Hochschild JL, Shen FX. Race, Ethnicity, and Education Policy. In: Oxford Handbook of Racial and Ethnic Politics in America. New York: Oxford University Press; Submitted.
Hochschild JL, Einstein K. Facts in Politics. Norman, OK: University of Oklahoma Press; Forthcoming.
Hochschild J, Brown C, Bucerius S, Tonry M. National Models for Assimilation and Adaptation. In: Oxford Handbook On Ethnicity, Crime, and Immigration. Oxford, UK: Oxford University Press; Forthcoming.
Hochschild J. What Is at Stake in the Claim that Race Is Only a Social Construction – and What Happens if We Soften that Claim?, in Reconsidering Race: Cross-­‐Disciplinary and Interdisciplinary Approaches. College Station, TX: Texas A&M; 2013.
Hochschild JL, Chattopadhyay J, Gay C, Jones-Correa M. Outsiders No More? Models of Immigrant Political Incorporation. London: Oxford University Press; 2013.
Hochschild JL, Lang C. Including Oneself and Including Others?: Evaluating Who Belongs in Your Country. Annals of the American Academy of Political and Social Science. 2011;632(1).
Hochschild JL, Weaver V, Burch T. “Destabilizing the American Racial Order". Daedalus. 2011;140(2):151-165. hochschild.daedalus.spring2011.pdf
Hochschild JL. “Individuals versus Group? The Moral Conundrum of Blurred Racial Boundaries.”. In: Uneasy Bedfellows? Science and the Study of Ethics, edited by Kristen Monroe. Paradigm Press; 2011.
Hochschild JL. How, If at All, Is Racial and Ethnic Stratification Changing, and What Should We Do about It?. In: Race, Reform, and Regulation of the Electoral Process: Recurring Puzzles in American Democracy. edited by Heather Gerken, Guy Charles, and Michael Kang . New York: Cambridge University Press; 2011. pp. 7-16.
Hochschild JL. Fits and Starts? Obama and the Transformation of American Inequality. Pathways. 2010:9-13.
Hochschild JL. International Migration at a Crossroads: Will Demography Change Politics before Politics Impedes Demographic Change?, in “Citizenship in a Globalized World: Perspectives from the Immigrant Democracies” . University of New South Wales, Sydney, Australia; 2010.Abstract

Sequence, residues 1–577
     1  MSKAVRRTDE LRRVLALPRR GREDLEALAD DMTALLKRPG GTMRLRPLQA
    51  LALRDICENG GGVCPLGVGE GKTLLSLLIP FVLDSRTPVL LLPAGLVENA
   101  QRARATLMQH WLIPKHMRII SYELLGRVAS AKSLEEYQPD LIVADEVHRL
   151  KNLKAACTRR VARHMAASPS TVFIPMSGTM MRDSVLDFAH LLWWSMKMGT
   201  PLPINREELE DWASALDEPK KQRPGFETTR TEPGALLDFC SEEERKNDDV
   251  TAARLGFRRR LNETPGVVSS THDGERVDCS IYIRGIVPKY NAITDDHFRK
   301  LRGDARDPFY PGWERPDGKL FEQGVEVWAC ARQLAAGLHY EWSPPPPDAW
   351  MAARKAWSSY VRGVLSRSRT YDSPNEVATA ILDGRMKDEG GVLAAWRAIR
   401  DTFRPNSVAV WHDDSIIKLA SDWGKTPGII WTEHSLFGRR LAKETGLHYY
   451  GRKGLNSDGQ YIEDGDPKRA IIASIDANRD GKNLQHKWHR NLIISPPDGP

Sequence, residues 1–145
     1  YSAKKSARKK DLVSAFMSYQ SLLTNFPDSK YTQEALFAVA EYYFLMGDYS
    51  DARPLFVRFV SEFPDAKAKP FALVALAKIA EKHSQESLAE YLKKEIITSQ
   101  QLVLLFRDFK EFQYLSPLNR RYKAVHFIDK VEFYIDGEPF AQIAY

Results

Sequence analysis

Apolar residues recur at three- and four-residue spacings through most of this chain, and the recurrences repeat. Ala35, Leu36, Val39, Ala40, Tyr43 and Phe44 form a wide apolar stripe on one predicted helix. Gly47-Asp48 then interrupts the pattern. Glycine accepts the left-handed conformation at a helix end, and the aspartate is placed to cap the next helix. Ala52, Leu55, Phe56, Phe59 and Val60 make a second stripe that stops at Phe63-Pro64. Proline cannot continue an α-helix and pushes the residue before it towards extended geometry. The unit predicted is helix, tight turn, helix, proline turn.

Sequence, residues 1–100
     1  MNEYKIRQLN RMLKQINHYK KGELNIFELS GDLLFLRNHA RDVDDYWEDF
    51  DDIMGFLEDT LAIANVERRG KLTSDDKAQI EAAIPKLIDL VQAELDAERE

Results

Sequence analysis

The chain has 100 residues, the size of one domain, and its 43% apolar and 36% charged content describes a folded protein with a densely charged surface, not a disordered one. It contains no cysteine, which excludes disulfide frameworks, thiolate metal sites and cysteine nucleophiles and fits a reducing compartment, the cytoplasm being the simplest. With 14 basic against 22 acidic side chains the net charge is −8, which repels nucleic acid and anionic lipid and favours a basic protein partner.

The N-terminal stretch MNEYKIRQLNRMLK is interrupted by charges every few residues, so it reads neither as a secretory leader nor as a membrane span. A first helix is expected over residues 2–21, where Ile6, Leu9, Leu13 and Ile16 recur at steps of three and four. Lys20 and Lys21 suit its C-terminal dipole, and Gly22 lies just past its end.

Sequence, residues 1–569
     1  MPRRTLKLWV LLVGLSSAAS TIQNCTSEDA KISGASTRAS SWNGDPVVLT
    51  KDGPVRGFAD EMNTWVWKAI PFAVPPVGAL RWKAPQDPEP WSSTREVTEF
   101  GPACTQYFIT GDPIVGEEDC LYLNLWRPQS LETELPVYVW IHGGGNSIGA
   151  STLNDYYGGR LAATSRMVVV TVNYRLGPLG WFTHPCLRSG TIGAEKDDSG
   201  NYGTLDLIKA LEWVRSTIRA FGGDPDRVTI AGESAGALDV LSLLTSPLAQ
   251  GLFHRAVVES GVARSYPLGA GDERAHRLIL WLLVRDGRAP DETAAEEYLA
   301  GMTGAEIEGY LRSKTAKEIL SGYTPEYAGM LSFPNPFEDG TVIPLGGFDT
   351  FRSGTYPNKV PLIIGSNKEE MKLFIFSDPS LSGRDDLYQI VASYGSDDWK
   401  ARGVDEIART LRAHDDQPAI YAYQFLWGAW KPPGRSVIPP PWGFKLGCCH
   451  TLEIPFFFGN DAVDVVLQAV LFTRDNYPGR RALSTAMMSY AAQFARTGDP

No self-respecting political scientist will accept the cliché that demography is destiny; nevertheless, as a country’s demography changes, if the politics do not change in accord with the circumstances or desires of the new residents, one sees greater and greater strain and even disruption in governance. A crucial question is whether the political effects of native-borns’ anxiety about immigration will slow migration or keep migrants out of the social, economic, and political mainstreams, or conversely, whether migrants and their allies will become strong enough to create political dynamics in their favor. This paper examines those two plausible trajectories. I first review the politically most salient demographic features of mass migration. I then use the conceptual framework of policy feedback – the idea that policies change politics, which in turn reinforce, change, or undermine the initial policy for the analysis-- to consider the conditions in which a country changes in response to the demographic pressures of immigration, and those in which political resistance to further immigration or to immigrants’ incorporation into the receiving country’s mainstream might carry the day. The paper concludes with a brief case study of what happens when the forces of change and inclusion are balanced against those of resistance and exclusion. I focus primarily on the United States, but to some degree refer to other countries as well.